Not really. People are bombarded with music these days; I’m not saying that’s a good thing or a bad thing but in our day you had to really hunt out records, so if there was any music on TV – The Old Grey Whistle Test or whatever – then it was compulsive viewing for us. We’d check out how they played their guitars, how they did their drumming, et cetera, but John Peel was particularly important because he was playing records we’d never heard of before. It was compulsive listening. He was such a huge influence on the band and he was so good to us as well.

We were at John Peel’s funeral and when they lifted his remains and lifted the coffin down the aisle, they played “Teenage Kicks”. That was the most bizarre, surreal thing, because we never knew when we did the record that it would take on a whole new life. We just made the record because that’s what we did, so to hear it played at someone’s funeral – and to hear people outside the church singing it as well – was the most unbelievable thing.

There are four guys who were key to The Undertones: Terri Dooley of Good Vibrations, who gave us the opportunity to make a record; John Peel, who played the record; Peter Powell, who made it Record of the Week; and Joe Strummer, who took us on tour with The Clash. Joe Strummer was so good to us, such a nice man. We all got on very well with him.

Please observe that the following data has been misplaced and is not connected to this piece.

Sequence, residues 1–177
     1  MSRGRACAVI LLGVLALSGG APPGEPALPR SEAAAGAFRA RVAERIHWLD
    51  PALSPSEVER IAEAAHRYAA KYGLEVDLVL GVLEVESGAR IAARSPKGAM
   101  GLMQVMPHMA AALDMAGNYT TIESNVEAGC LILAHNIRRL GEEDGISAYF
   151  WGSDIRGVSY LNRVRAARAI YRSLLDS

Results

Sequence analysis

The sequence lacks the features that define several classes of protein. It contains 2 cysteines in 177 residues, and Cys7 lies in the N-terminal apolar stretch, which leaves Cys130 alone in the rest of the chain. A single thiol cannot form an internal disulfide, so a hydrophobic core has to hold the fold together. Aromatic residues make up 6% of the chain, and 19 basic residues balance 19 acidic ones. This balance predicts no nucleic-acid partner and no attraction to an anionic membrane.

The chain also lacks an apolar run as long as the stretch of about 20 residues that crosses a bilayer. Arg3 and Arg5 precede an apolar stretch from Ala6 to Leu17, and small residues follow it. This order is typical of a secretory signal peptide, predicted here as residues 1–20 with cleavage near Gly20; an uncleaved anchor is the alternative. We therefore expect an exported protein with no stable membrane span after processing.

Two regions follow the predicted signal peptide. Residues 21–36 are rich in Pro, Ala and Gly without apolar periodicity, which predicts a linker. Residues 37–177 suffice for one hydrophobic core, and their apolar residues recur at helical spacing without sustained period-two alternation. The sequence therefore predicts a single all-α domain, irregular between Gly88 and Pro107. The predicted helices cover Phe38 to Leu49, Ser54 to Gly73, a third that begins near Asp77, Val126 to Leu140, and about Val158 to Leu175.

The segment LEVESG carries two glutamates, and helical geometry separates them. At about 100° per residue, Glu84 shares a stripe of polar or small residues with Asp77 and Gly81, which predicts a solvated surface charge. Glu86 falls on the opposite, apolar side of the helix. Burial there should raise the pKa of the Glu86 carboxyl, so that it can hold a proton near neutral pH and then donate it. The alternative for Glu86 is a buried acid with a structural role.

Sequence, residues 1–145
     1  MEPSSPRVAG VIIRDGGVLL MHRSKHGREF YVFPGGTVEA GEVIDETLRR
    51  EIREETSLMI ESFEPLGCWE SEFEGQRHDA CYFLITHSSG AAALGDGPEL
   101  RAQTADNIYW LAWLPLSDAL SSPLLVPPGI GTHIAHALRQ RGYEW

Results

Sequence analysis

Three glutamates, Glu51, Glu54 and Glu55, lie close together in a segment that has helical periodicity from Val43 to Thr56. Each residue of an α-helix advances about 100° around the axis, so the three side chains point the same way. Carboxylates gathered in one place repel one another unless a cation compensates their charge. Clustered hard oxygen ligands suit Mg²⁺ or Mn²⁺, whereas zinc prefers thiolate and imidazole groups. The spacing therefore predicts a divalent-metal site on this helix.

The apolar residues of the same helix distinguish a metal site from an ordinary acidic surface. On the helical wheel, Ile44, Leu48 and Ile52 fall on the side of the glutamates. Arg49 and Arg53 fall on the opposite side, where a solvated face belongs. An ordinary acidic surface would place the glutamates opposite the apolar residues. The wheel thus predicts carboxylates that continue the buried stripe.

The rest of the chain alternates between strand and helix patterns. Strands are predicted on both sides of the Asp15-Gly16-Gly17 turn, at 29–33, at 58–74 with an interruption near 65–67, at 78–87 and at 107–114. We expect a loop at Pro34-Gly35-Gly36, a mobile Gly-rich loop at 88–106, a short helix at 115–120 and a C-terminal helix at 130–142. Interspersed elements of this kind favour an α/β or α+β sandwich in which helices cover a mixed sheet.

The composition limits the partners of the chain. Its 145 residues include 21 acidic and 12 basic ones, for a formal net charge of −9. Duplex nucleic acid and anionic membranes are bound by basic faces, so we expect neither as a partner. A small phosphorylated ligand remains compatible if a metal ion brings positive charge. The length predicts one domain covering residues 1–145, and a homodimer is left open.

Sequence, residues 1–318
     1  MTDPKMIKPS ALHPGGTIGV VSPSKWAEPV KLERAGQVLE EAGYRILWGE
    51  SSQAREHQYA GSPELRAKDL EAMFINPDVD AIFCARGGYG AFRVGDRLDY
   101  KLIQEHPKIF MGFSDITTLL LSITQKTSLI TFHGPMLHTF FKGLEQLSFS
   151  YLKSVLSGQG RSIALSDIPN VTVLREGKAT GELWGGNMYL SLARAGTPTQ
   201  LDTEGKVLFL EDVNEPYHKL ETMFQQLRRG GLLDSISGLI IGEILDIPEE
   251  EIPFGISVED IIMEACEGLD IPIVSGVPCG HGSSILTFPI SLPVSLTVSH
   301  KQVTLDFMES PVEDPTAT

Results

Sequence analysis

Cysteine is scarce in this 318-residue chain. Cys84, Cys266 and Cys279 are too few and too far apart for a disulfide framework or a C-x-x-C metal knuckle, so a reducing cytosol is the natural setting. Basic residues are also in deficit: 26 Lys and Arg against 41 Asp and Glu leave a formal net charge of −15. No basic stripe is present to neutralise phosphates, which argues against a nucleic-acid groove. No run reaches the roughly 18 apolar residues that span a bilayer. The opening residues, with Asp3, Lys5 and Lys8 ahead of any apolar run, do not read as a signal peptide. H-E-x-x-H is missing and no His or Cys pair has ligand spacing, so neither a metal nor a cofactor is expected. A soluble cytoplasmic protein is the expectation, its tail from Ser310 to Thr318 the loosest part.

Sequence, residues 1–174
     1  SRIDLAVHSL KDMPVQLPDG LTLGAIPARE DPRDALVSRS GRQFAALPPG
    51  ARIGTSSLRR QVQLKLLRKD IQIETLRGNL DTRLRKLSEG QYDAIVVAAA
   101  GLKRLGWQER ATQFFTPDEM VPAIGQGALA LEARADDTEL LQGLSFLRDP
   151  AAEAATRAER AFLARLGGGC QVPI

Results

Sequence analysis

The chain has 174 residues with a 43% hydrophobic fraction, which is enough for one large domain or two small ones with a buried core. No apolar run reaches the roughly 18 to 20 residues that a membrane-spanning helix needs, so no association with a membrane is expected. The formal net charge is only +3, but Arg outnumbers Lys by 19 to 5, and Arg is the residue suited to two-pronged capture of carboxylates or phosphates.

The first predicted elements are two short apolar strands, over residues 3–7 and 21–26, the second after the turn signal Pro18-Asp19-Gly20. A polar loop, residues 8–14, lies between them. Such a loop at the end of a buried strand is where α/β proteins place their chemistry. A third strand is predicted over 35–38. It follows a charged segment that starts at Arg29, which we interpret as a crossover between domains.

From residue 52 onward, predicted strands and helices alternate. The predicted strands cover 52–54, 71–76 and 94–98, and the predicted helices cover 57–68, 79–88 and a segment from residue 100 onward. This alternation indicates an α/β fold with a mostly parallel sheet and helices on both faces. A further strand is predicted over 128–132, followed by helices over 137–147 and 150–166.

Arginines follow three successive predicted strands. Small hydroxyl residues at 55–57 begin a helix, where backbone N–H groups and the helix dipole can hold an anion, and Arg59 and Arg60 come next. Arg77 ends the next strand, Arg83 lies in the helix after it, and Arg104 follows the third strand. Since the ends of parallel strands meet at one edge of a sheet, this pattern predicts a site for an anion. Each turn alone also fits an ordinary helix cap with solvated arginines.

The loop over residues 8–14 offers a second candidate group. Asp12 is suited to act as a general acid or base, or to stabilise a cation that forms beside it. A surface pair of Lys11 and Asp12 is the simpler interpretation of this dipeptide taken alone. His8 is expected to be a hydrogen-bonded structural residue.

It all sounds truly mind-boggling. How old would you guys have been around then?

Around 20/21. Myself and Michael the bass player used to watch The Clash every night because they were brilliant live. They were so cool to look at, the complete opposite of The Undertones: we felt awkward onstage and didn’t really have the right poses, but The Clash had all that. They were a powerhouse live.

Billy Doherty, thank you.

Read part 2, in which Rocksucker speaks to The Undertones’s rhythm guitarist and principal songwriter John O’Neill

An Introduction to The Undertones will be released on June 3rd by Salvo Sound & Vision.

The Undertones will play the following UK shows over the next couple of weeks, before moving onto Europe:

24th – Koko, Camden, London
25th – Strummercamp, Manchester Rugby Club, Manchester
26th – The Slade Rooms, Wolverhampton
27th – Sub 89, Reading

For more information, please visit The Undertones’ official website.

An Introduction to The Undertones


About the Author

Editor of Rocksucker and the website's founder, Jonny is passionate about the music he listens to, both good and bad, as well as interviewing his favourite musicians.

4 Responses to Interview: The Undertones (part 1: Billy Doherty)

  1. Pingback: Rocksucker: Interview: The Undertones (part 1: Billy Doherty) | moonblogsfromsyb

  2. Hemel says:

    Enjoyed that! Look forward to the next one with John…

  3. Pingback: Interview: The Undertones (part 2: John O'Neill) - Rocksucker

  4. Pingback: Rocksucker: Interview: The Undertones (part 2: John O’Neill) | moonblogsfromsyb